“How Can I Begin?”: poems from Milk Stone by Pat Lowther

Burning the Iris_by GogitaFroggies1

“How Can I Begin?”: poems from Milk Stone by Pat Lowther

. . .
How Can I Begin
How can I begin?
So many skins
of silence upon me
Not that they blunt me,
but I have become
accustomed to
walking like a pregnant woman
carrying something
alive yet remote.
My thoughts,
though less articulate
than image,
still have in them
something like a skeleton,
a durable beginning
waiting for
unpredicted flesh
and deliverance.
I would ask
you: learn as I learn
patience with mine
and your own silence.

. . .

String-figure man outside the door
Didn’t I too catch the sun
in a cradle spun
of my own gut string?
If now outside my house some thing
makes a sound like dry skins scraping,
should my bones dissolve to jelly
in my narrowing flesh?
It is fitting to strangle me in the mesh
of my own making.
I who made the sun
come in my belly.
I shall open my door
and accept the evil as I did before
the shining One.

. . .

Stone Deaf
Imagine it
– tympanum, cochlea,
cunning little frogs-legs ossicles,
all that delicate absurd machinery
petrified, rattling stonily
in the skull’s cavity
like garnets in a hollow rock.
Or like a whale’s eardrum
I saw once preserved,
blank as a great flint chip
and lonely as one cymbal.
And the blood’s surf beating
then always like the sea
unheard on solitary stone.

. . .

Fragments of shell
shards of protein alphabet
my hands are blind
at my skin’s circumference
i fumble
seams openings
(is this an organ
for breaking shells?)
i smell snow on this beach
what colour
are my eyes?

. . .

Touch Home
My daughter, a statistic
in a population explosion
out of my body like a cork.
The doctors called for oxygen,
the birth too sudden, violent,
the child seemed pale
But my daughter lay
in perfect tranquillity
touching the new air
with her
elegant hands.

. . .

The Last Room
I am waiting for you
in the lowest room beneath the building
I am smooth as a gourd
without resistance
my shape spreads
seeking the lowest
centre of gravity
I spend hours memorizing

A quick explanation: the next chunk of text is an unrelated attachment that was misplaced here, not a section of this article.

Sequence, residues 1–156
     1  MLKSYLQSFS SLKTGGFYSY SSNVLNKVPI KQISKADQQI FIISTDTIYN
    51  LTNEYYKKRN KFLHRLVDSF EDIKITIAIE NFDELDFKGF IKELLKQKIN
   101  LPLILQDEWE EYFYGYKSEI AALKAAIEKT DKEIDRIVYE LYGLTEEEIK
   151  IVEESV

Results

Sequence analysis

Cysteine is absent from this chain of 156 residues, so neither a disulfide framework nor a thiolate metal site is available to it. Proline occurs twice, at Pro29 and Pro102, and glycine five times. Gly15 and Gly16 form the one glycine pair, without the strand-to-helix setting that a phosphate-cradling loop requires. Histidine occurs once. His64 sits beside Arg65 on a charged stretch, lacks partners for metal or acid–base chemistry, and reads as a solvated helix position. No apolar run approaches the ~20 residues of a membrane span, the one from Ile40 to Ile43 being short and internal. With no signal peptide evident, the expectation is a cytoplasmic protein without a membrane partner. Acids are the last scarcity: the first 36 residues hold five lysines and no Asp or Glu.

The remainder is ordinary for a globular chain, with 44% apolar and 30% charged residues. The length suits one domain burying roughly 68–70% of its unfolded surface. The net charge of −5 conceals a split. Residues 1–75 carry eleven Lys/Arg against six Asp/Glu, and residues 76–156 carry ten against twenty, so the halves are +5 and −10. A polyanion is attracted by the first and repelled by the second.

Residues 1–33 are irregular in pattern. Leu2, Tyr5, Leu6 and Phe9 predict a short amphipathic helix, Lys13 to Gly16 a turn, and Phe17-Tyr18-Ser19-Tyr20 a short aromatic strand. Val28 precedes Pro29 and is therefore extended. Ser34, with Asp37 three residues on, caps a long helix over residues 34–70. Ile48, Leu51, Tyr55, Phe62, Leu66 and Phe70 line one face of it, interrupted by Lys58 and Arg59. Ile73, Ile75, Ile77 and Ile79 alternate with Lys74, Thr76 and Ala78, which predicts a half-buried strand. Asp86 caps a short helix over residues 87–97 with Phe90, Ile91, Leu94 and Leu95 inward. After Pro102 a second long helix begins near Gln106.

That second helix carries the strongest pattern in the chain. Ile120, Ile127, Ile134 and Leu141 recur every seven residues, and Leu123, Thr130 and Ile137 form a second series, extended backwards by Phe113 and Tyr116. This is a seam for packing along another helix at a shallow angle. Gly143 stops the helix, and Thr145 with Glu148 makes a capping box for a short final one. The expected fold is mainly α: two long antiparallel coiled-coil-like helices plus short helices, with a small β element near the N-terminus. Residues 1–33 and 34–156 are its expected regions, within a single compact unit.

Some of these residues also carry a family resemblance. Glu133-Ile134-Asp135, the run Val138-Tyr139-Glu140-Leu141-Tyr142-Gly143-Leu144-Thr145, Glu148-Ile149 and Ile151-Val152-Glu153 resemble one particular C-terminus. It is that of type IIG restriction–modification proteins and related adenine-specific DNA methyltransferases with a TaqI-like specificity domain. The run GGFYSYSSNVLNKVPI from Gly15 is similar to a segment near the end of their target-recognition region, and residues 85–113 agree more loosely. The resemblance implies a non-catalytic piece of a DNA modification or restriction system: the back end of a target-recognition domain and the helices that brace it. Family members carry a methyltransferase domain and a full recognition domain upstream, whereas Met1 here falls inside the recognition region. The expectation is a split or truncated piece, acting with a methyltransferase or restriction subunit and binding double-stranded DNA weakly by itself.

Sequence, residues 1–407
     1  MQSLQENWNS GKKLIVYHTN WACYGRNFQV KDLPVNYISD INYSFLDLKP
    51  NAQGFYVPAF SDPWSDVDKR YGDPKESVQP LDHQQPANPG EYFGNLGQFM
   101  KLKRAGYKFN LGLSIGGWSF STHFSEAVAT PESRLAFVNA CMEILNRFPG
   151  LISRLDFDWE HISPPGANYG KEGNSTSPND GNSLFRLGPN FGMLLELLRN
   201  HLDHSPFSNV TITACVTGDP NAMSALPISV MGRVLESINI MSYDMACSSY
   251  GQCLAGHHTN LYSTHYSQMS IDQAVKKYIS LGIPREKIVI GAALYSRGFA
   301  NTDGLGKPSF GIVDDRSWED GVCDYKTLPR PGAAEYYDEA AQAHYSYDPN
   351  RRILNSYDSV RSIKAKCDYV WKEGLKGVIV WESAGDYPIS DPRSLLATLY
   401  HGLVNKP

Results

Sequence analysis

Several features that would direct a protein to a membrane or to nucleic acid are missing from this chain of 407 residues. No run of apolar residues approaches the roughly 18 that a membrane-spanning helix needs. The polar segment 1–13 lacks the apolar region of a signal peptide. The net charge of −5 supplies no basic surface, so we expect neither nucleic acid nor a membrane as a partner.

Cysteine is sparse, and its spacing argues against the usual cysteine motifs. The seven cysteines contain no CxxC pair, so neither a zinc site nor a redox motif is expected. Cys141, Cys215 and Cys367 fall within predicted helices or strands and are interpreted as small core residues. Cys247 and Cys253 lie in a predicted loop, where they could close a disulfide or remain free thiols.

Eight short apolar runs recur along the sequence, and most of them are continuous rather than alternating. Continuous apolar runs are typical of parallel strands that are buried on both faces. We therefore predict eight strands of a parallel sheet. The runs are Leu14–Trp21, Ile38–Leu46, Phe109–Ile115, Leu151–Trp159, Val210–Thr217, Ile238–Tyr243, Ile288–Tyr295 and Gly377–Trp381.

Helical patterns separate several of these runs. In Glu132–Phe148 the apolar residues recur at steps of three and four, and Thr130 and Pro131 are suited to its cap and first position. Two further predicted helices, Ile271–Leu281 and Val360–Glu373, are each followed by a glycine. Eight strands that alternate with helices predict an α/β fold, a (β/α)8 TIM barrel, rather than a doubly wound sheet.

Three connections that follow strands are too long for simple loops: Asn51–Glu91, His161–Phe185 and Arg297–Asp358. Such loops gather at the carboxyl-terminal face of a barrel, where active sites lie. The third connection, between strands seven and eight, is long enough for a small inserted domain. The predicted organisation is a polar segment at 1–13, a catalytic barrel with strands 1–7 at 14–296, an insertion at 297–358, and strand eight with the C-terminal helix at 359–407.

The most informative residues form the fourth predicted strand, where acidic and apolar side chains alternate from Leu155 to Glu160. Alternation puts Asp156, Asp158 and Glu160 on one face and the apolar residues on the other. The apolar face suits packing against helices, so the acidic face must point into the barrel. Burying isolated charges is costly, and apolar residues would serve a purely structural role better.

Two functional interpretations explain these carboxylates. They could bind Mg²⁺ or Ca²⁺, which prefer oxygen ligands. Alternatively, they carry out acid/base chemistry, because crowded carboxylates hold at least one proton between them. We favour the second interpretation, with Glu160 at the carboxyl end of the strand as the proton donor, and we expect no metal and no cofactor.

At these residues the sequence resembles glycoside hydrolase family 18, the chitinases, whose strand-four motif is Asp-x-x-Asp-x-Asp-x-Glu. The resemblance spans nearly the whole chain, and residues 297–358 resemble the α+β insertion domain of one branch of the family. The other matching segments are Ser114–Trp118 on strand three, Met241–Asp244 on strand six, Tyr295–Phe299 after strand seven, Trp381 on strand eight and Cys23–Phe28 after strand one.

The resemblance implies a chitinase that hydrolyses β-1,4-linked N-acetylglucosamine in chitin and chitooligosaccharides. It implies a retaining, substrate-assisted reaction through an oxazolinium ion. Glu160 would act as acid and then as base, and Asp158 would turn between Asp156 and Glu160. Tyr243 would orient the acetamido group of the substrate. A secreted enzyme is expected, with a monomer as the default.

the labyrinth
beneath our skins
by which I came
waiting for your long shadow
in the passage
I am green as a gourd
but inside I am red
All through the folded hours
I am burning
I am becoming a red hollow
a gourd for drinking
Only now do I recognize
shards patterning the dust
between my legs
they are my former skins
How many times
have I come here
How long have I been waiting

. . .

to be broken
split apart with a mighty tearing
like an apple broken
to unfold
the delicate open veined petal pattern
inside the fruit
I am arrogant
what I can do
for a man
I am arrogant
for fear
I may be broken
utterly open
and he not see
the flower shape of me

. . .

It’s a kind of justice
for our having left them
face down
while we grew branched
They held out
dumb paws for grace
We gave them ritual
Even the spare comfort
they negotiated
we fattened on,
driving them always
to the edges
It’s a kind of justice
that in certain seasons
they possess us
like planets,
like territories

. . .

For Selected Friends
Work one face of a stone
so I can always have you:
at times I am one-dimensional.
Love on paper.
It’s easier to photograph you
with my mind
arresting you at mid-point
in some brilliant exposition
before discovery moves you
off the surface.
Although I know you’re
a cave splendid with crystals
and white bats,
sometimes I am
afraid to go there.

. . .

Letter to the Majority
We are not what you think we are.
In another space
enclosing another space
we have grown
whole crops of quiet.
Even our laughter
laughing at ourselves
has been too soft for you to hear.
You have thought us a mirror
to your torments